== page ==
HM Revenue & Customs (HMRC) wants to make sure that the Corporation Tax system is operated fairly and that their customers pay the right amount of Corporation Tax at the right time. To make sure this happens, HMRC makes enquiries into certain Company Tax Returns. These are known as 'compliance checks'.
This guide provides a general overview of how compliance checks work for Corporation Tax and what happens when HMRC makes an enquiry into your Company Tax Return. It also provides links to guidance for large companies who are dealt with by HMRC’s Large Business Service or Local Compliance (Large and Complex) teams.
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HMRC can check something with you before or after you file your return. But a compliance check will only to be carried out when HMRC has identified a risk in a company or organisation's tax position, or when a check is required as part of HMRC's random enquiry programme.
The current legislation and processes provide:
When you file your Company Tax Return, you're telling HMRC how much Corporation Tax your company or organisation is due to pay. This is known to HMRC as your company or organisation's 'self assessment'.
Sometimes HMRC may want to ask questions about the figures in your Company Tax Return (which includes your company accounts, tax calculations and other supporting documents such as supplementary pages). HMRC calls this kind of compliance check 'making an enquiry'
Before HMRC can make an enquiry, they must advise your company or organisation, in writing, that they intend to do so. HMRC calls this 'opening an enquiry'.
When HMRC opens an enquiry this doesn't necessarily mean your company or organisation has done anything wrong. Sometimes HMRC just needs more information to understand your figures.
HMRC can make an enquiry into your company or organisation's:
HMRC starts the enquiry process by sending you a written 'notice of enquiry'. A notice of enquiry only allows HMRC to ask questions about your company or organisation's Company Tax Return, claim or election. If HMRC wants to ask questions about your personal tax position as a director, shareholder, member or trustee, they must make a separate enquiry.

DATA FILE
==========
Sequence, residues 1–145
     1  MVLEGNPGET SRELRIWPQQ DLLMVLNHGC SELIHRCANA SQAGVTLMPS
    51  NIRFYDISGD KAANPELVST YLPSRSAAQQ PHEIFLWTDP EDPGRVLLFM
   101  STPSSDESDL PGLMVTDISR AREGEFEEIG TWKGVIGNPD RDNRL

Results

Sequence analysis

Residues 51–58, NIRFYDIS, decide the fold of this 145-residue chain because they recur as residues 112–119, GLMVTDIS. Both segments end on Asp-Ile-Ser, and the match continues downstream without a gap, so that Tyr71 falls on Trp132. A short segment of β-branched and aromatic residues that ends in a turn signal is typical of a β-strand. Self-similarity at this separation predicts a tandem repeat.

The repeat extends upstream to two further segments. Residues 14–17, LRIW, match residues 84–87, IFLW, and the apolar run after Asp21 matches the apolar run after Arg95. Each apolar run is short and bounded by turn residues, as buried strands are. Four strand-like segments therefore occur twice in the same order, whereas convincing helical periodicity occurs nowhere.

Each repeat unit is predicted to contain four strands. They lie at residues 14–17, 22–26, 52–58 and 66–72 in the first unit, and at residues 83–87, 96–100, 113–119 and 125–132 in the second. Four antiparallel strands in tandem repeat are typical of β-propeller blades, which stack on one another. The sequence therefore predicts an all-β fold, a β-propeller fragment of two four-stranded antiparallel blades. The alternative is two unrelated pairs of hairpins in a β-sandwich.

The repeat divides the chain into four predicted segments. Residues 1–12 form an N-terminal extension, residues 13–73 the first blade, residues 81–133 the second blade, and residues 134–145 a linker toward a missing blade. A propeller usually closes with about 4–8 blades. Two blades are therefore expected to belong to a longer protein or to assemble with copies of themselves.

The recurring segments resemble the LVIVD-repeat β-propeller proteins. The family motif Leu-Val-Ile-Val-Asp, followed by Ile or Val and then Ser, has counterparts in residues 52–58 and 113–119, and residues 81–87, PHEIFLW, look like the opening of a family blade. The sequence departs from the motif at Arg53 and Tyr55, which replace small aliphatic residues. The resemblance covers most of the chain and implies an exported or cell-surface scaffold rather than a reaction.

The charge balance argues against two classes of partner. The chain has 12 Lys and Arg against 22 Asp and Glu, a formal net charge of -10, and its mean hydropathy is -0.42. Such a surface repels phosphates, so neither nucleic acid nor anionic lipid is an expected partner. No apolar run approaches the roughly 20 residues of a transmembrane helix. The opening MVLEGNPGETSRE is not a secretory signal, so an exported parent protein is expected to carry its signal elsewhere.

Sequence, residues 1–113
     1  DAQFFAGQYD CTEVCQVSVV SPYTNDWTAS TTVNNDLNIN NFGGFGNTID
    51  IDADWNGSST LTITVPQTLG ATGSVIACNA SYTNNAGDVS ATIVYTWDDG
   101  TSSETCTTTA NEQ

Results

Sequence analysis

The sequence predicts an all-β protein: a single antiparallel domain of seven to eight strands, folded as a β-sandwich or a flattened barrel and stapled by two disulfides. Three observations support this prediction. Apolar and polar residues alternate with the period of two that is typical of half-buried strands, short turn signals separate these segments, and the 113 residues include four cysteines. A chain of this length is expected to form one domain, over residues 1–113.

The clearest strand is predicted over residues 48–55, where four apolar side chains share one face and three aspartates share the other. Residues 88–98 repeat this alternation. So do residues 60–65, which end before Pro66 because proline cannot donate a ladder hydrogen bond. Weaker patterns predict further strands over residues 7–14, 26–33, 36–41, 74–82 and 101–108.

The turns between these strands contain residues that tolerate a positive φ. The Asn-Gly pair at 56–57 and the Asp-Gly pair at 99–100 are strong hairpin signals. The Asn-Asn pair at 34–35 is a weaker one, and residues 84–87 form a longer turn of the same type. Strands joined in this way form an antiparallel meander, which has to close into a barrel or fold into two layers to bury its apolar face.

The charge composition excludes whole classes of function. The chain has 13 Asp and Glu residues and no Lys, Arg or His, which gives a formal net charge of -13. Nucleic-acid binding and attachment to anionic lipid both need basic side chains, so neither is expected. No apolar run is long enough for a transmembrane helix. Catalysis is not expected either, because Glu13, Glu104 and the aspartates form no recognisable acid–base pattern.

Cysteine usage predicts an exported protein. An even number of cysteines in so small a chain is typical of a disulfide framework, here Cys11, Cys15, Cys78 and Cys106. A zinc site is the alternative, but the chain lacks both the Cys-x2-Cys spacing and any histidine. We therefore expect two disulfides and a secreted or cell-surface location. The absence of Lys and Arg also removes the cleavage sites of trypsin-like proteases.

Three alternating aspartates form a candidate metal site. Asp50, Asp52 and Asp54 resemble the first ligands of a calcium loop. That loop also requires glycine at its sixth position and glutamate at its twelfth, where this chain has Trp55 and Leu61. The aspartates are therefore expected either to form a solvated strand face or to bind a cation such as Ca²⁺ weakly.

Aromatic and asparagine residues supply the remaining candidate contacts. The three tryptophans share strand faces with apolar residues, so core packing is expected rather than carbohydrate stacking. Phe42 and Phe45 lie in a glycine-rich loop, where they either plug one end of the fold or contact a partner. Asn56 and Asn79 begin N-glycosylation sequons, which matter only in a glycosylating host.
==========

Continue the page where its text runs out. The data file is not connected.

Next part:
HMRC can only make one enquiry into a particular Company Tax Return. But if you make an amendment to your return, HMRC can then make an enquiry into that amendment too.
During a review of your Company Tax Return, other tax risks may come to light - for example with your VAT or PAYE responsibilities. Generally, if this happens, the HMRC Officer dealing with company review will co-ordinate any further enquiries, within the HMRC compliance checks process.
HMRC must normally send you a notice of enquiry within 12 months of receiving your Company Tax Return. Different deadlines may apply when:
When HMRC sends a notice of enquiry to your company, you - and your Corporation Tax agent if you've got one - will be told whether HMRC is making an enquiry into:
At the same time HMRC will tell you:
The information your company or organisation will need to supply during a compliance check will depend on what HMRC is enquiring into.
But HMRC can only ask you to provide information or documents that they need to check your company or organisation's Corporation Tax position.
You (or your tax adviser) should normally be able to provide any information on which your Company Tax Return was based.
HMRC will normally ask you to provide the documents and information it needs within 30 days. If you think you need more time it's important that you contact HMRC straightaway to discuss this. You'll find contact details on the notice of enquiry HMRC sends you.